What’s in Beyoncé’s Mom’s Art Collection? A Tour of Tina Knowles Lawson’s Hollywood Home Reveals All

Beyoncé and Solange clearly got their love of art from their mom.

Tina Knowles. Photo by Emma McIntyre/Getty Images.
Tina Knowles. Photo by Emma McIntyre/Getty Images.

Tina Knowles Lawson, mother of Grammy-winning musical artists Beyoncé and Solange, has been collecting art since she was a makeup artist in her late teens, purchasing her first work for $500. Today, her collection, rich in African American art, boasts pieces by major figures, such as Romare Bearden and Elizabeth Catlett, to work by more emerging artists like Genevieve Gaignard and Toyin Ojih Odutola.

Her famous daughters have both clearly inherited their mother’s appreciation of art. Solange has performed in New York at the Solomon R. Guggenheim Museum, at the Chinati Foundation in Marfa, in London at the Tate Modern, and at the Hammer Museum in Los Angeles, where she recently debuted the interdisciplinary performance project Metatronia (Metatron’s Cube).

Genevieve Gaignard, <em>Me Too</em> (2018). Photo courtesy of Shulamit Nazarian, Los Angeles; ©Genevieve Gaignard.

Genevieve Gaignard, Me Too (2018). Photo courtesy of Shulamit Nazarian, Los Angeles; ©Genevieve Gaignard.

Beyoncé’s forays into the art world have been even more high profile, visiting and taking photos at the Louvre with husband Jay-Z and then returning to shoot the music video for the debut single, “Apeshit,” from their surprise joint album, Everything Is Love. The video notably highlights depictions of African Americans in the Louvre collection, in essence staking a claim for the black community in the hallowed halls of Western culture.

“I think it was important to my mother to surround us with positive, powerful, strong images of African and African American art so that we could reflect and see ourselves in them,” Beyoncé told the New York Times last year. (That appreciation is already being passed down to the younger generation, with Blue Ivy Carter placing a winning $10,000 bid for a painting at the Wearable Art Gala in Los Angeles back in March.)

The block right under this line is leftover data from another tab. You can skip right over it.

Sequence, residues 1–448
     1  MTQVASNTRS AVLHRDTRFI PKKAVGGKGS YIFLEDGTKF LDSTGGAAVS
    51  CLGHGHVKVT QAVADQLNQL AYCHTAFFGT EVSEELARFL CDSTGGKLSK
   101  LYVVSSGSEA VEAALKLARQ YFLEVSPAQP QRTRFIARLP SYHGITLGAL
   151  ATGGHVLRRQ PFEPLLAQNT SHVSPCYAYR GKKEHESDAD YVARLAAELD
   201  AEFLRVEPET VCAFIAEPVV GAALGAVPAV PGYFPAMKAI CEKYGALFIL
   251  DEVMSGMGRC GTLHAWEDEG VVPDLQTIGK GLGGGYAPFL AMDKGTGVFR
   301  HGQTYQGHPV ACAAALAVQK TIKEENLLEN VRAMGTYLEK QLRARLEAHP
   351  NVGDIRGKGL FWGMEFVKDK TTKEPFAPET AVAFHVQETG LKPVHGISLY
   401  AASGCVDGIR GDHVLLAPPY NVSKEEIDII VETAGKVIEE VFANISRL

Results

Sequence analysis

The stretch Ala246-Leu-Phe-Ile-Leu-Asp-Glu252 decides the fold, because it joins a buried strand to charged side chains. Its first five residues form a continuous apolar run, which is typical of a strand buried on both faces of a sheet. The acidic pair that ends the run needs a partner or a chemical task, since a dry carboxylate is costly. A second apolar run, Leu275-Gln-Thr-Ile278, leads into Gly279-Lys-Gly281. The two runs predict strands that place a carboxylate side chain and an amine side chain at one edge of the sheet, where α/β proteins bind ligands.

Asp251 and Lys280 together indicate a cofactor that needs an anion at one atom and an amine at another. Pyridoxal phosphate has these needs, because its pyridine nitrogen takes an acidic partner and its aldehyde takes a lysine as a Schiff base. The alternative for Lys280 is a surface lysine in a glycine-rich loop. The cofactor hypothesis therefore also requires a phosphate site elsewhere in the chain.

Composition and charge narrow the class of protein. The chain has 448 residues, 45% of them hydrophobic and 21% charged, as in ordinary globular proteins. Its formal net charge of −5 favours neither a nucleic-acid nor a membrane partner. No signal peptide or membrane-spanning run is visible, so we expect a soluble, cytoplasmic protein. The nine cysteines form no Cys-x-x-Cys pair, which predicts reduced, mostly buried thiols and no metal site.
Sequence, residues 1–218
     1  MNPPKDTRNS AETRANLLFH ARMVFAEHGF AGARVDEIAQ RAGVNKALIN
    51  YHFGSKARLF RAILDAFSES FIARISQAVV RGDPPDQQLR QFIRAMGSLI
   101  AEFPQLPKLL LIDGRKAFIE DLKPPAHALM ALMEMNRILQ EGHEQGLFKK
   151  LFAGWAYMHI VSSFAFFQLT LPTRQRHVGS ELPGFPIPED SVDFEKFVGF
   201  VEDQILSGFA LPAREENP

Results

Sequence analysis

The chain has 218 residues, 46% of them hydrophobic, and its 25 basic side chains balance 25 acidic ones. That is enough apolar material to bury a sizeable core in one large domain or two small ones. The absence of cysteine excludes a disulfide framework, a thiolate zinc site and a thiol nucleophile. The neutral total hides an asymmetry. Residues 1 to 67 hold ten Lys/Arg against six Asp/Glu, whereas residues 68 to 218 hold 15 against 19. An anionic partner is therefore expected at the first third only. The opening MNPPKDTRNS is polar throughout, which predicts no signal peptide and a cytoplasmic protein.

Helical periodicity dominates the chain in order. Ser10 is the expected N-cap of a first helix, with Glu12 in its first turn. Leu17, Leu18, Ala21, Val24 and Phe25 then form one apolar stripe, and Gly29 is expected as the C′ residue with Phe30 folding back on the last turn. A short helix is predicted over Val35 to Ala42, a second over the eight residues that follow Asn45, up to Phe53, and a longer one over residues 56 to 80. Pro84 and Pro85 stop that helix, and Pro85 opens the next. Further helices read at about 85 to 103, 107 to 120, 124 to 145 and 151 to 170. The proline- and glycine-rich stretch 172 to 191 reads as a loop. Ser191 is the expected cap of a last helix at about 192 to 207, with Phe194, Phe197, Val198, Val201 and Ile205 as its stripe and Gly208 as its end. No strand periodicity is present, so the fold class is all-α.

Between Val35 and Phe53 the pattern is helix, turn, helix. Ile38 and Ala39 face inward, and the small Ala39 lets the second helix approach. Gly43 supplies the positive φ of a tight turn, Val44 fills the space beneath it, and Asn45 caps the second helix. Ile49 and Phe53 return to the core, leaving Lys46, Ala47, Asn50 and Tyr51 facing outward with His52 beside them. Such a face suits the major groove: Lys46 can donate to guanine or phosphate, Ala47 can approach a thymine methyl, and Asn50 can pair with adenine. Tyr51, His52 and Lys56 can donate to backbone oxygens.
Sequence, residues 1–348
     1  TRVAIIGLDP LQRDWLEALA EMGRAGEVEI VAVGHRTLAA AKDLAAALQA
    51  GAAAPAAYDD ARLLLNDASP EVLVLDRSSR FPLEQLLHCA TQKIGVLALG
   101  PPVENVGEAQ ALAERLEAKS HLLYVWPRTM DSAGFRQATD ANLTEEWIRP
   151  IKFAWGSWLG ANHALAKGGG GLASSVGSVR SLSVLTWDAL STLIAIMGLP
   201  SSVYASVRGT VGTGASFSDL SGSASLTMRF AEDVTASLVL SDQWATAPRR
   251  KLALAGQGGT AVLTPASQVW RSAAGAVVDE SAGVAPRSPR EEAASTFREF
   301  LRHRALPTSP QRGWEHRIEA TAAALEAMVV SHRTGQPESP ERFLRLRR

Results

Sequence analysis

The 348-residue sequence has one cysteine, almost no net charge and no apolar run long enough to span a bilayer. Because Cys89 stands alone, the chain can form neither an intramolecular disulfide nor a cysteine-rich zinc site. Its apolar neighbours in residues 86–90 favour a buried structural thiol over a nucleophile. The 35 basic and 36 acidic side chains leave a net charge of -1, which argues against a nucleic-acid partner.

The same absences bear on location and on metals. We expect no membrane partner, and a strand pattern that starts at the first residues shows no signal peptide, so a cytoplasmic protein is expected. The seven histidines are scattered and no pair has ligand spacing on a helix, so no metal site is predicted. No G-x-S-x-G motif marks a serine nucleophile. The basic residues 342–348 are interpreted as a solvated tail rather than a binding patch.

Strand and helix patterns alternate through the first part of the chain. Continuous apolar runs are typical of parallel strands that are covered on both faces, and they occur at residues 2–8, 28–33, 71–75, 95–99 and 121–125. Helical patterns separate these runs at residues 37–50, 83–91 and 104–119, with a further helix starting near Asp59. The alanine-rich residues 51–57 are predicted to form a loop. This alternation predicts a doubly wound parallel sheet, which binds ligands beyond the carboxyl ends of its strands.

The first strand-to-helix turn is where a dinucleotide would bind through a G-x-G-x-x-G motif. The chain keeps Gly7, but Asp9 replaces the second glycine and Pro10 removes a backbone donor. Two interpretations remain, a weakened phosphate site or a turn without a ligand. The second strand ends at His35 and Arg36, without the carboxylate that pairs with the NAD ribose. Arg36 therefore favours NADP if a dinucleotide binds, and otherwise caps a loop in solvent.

Speaking to Vanity Fair,  Lawson confirmed that she made a conscious effort to do so, saying “when my kids were growing up, it was really important to me that they saw images of African-Americans.”

John Biggers, Five Lithographs for Our Grandmothers (1994) based on the poem by Maya Angelou. Courtesy of Charles Agvent.

John Biggers, Five Lithographs for Our Grandmothers (1994) based on the poem by Maya Angelou. Courtesy of Charles Agvent.

The magazine got a tour of Lawson’s house and spoke with her about her collection. Putting it together has not always gone smoothly, she admitted, describing a disastrous first-time experience bidding by phone at auction: “[The] next thing I know I bought a Sam Gilliam, I bought two Picasso lithographs. I was like, ‘What did I do?’ I tried not to buy them, but they found me and they threatened to sue me.”

Other names in Lawson‘s holdings, include Henry Ossawa Tanner, Hale Woodruff, Charles Alston, Kenyatta A. C. Hinkle, Kermit Oliver, Monica Stewart, John Biggers, and Dominique Beyoncé, Lawson’s niece.


Follow artnet News on Facebook:


Want to stay ahead of the art world? Subscribe to our newsletter to get the breaking news, eye-opening interviews, and incisive critical takes that drive the conversation forward.

Share

Article topics